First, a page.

Ulster says no to Scottish independence: Nigel Dodds MP

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The DUP does not want to see Scotland leave the United Kingdom. Not only would it be bad for Northern Ireland, but bad for Scotland and for the UK as a whole. Without Scotland, we will be a smaller nation, with a smaller population and a smaller economy. Our standing in the world will be diminished and with it a loss of influence and power. Our voice will carry less weight in the EU and in the UN and more questions will be asked about our permanent seat at the UN Security Council.

The loss of power and influence will be felt along with a severe financial cost. The division of a nation brings with it its own expense. However it also raises many questions. Who has access to North Sea oil and how will it divide? Will Scotland keep sterling? If they adopt the Euro, how will this affect the cost of doing business with Scotland?

A major issue of contention will of course be defence. The SNP have stated their intention will be to create their own Scottish Defence Force. But what about those Scots who currently serve in the British Army – will they be allowed to continue to serve? Will Scotland be able to keep air and naval bases? What will be even more contentious is what to do with our nuclear weapons which are currently based at Faslane near Glasgow. The cost of moving that base to somewhere else in the UK would be a multi billion pound operation.

Voters in Scotland may give little attention to the effect that their decision will have on Northern Ireland. What is important however is that any campaign against independence must not only focus on the negative impact of independence but the positive benefits that come from being part of the UK.

The Union between England and Wales and Scotland in 1707 and between Britain and Ireland in 1800 was established with the belief that these countries were stronger together than they were apart. The Empire that grew and strengthened over the period following these Acts of Union was not an English Empire, but a British Empire. Its economy was the largest in the world, its strength at that time was unparalleled. It is doubtful that this would have happened had we been separate and not together as one nation. Each country played its part in the development of the nation and in the increase of its prosperity and in its defence. People from Wales contributed to our economic power, people from Scotland were inventors, innovators and engineers and we in Ulster have of course played our role in defending the union, whether it is on the streets of Northern Ireland in or trenches in France. We have all contributed to the United Kingdom and importantly we have all benefited from belonging to it as well.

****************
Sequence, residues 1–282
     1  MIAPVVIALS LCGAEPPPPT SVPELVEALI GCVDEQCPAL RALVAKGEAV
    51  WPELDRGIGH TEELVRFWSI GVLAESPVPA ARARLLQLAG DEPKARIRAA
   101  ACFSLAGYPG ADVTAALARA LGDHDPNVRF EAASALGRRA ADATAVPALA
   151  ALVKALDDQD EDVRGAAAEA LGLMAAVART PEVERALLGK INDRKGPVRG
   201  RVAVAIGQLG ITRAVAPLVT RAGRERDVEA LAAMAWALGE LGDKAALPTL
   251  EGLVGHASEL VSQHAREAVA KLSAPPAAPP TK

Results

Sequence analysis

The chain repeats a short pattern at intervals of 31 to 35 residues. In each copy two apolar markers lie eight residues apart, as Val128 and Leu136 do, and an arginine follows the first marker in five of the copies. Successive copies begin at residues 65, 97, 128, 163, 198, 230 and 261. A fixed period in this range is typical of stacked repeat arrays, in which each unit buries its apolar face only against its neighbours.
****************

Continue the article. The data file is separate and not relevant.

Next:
To many, history will not be enough to persuade them to keep the union together. But the future should. There is no doubt in my mind that the countries of the United Kingdom will be stronger together than we ever could be apart.

So far, the questions that have been posed have been about the nature and timing of the referendum. I have no doubt that when the real debate begins the people of Scotland will realise that it is in their best interests, and in the best interests of the rest of the country, to remain in the Union.